a. First, there is a circuit split on the threshold ques tion whether "the fact that a claim administrator of an ERISA plan also funds the plan benefits, without more, constitutes a 'conflict of interest' which must be weighed in a judicial review of the administrator's benefit deter mination." Pet. i. The Sixth Circuit in this case held that it does. Pet. App. 10a. The Sixth Circuit explained the basis for that approach in a prior decision, reasoning that a plan administrator that both funds and adminis ters the plan has a financial incentive to deny benefits because it "incurs a direct expense as a result of the al lowance of benefits," and it "benefits directly from the denial or discontinuation of benefits." Killian v. Health source Provident Adm'rs, Inc., 152 F.3d 514, 521 (1998).
The Third, Fourth, Fifth, Ninth, Tenth, and Elev enth Circuits have agreed that a plan administrator that also pays plan benefits operates under a conflict of inter est that must be taken into account on judicial review of a benefit determination. See, e.g., Post v. Hartford Ins. Co., 501 F.3d 154, 161-164 (3d Cir. 2007)1; Carolina Care Plan Inc. v. McKenzie, 467 F.3d 383, 386-387 (4th Cir. 2006), cert. dismissed, Nos. 06-1182 & 06-1436 (July 30, 2007); Vega v. National Life Ins. Servs., Inc., 188 F.3d 287, 295-296 (5th Cir. 1999) (en banc); Abatie v. Alta Health & Life Ins. Co., 458 F.3d 955, 965-966 (9th Cir. 2006) (en banc); Fought v. UNUM Life Ins. Co. of Am., 379 F.3d 997, 1003 (10th Cir. 2004), cert. denied, 544 U.S. 1026 (2005); Brown v. Blue Cross & Blue Shield of Ala., Inc., 898 F.2d 1556, 1561, 1566-1567 (11th Cir. 1990), cert. denied, 498 U.S. 1040 (1991).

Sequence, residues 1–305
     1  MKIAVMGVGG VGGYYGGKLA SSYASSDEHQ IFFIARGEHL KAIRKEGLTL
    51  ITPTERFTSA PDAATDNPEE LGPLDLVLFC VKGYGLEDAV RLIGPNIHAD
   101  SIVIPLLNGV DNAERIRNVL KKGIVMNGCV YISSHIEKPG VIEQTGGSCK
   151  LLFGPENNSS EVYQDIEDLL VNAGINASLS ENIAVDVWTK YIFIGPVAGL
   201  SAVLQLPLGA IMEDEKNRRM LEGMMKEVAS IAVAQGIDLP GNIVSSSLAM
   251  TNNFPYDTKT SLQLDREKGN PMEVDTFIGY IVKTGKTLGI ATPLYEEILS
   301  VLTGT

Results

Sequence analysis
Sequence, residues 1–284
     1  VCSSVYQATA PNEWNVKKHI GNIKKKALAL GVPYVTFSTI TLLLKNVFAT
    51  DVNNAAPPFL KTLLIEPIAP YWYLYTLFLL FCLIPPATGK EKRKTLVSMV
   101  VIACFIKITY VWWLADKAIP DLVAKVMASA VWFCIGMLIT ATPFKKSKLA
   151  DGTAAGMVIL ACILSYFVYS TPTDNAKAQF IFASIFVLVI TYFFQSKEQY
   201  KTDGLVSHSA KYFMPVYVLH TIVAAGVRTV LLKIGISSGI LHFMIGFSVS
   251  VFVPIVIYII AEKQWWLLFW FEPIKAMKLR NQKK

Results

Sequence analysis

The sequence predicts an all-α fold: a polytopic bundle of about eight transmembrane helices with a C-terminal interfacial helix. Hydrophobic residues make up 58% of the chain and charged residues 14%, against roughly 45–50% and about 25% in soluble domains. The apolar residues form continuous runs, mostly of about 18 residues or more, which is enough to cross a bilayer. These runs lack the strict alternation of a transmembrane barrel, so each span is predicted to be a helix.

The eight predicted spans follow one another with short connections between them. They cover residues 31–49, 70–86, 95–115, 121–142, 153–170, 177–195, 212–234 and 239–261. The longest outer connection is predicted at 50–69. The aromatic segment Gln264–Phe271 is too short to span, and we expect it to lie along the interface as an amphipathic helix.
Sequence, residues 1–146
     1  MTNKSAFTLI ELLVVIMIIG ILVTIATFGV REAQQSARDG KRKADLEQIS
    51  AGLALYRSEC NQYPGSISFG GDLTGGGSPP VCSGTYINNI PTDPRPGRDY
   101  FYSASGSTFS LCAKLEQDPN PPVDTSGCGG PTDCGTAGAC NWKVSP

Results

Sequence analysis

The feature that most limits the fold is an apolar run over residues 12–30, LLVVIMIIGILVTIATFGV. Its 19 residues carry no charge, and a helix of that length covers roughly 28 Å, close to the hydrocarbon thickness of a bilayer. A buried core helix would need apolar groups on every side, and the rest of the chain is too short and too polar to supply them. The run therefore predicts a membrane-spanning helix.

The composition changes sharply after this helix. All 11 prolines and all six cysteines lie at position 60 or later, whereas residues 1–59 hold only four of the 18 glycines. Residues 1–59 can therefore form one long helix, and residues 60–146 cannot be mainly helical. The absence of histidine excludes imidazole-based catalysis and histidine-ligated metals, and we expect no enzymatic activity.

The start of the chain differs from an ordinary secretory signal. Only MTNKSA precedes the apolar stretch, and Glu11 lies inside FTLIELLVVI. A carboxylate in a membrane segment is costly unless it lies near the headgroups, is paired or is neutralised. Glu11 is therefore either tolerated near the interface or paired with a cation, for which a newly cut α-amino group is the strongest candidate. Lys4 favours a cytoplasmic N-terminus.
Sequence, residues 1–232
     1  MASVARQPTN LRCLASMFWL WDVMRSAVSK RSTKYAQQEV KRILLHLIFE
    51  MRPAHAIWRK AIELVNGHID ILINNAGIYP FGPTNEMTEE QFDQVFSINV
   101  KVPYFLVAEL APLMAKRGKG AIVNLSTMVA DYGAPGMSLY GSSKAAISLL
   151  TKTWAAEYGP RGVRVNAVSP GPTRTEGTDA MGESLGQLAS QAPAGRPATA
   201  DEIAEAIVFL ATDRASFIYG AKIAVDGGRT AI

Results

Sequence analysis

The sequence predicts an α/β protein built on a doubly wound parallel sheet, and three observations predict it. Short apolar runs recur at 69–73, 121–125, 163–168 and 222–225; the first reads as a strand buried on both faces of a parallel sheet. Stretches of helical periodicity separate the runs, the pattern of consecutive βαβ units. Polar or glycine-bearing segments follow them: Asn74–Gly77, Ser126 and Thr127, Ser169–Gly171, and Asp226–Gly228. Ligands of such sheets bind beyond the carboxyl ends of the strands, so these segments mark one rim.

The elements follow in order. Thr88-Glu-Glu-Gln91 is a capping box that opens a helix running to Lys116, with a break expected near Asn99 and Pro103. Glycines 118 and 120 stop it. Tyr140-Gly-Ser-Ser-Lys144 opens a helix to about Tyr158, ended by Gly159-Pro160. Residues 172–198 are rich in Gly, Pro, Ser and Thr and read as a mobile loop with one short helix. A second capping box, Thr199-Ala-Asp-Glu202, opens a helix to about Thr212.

The First and Seventh Circuits have come to the con trary conclusion, holding that the mere fact that a plan administrator also pays claims does not present a con flict of interest that must be taken into account on re view of a discretionary benefit determination. See, e.g., Wright v. R.R. Donnelley & Sons Co. Group Benefits Plan, 402 F.3d 67, 74-75 (1st Cir. 2005); Perlman v. Swiss Bank Corp. Comprehensive Disability Prot. Plan, 195 F.3d 975, 981 (7th Cir. 1999). Those courts have reasoned that although there is a potential conflict of in terest in such circumstances, there is no need to adjust the level of scrutiny because market forces will counter balance that potential. See, e.g., Perlman, 195 F.3d at 981 (explaining that "the award in any one case will have only a trivial effect on [the administrator's] operating results," and plan administrators "want to maintain a reputation for fair dealing with" plan beneficiaries).